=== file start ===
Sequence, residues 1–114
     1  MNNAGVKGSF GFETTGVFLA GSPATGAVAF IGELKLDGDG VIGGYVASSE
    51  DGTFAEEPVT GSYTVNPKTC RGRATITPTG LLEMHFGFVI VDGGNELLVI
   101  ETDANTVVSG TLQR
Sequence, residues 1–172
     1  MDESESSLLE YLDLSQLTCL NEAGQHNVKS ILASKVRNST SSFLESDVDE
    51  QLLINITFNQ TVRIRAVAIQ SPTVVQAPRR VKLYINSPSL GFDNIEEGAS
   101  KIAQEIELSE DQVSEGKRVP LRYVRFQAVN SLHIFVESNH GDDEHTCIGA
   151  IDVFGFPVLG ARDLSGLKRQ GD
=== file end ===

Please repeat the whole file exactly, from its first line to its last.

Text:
Sequence, residues 1–114
     1  MNNAGVKGSF GFETTGVFLA GSPATGAVAF IGELKLDGDG VIGGYVASSE
    51  DGTFAEEPVT GSYTVNPKTC RGRATITPTG LLEMHFGFVI VDGGNELLVI
   101  ETDANTVVSG TLQR
Sequence, residues 1–172
     1  MDESESSLLE YLDLSQLTCL NEAGQHNVKS ILASKVRNST SSFLESDVDE
    51  QLLINITFNQ TVRIRAVAIQ SPTVVQAPRR VKLYINSPSL GFDNIEEGAS
   101  KIAQEIELSE DQVSEGKRVP LRYVRFQAVN SLHIFVESNH GDDEHTCIGA
   151  IDVFGFPVLG ARDLSGLKRQ GD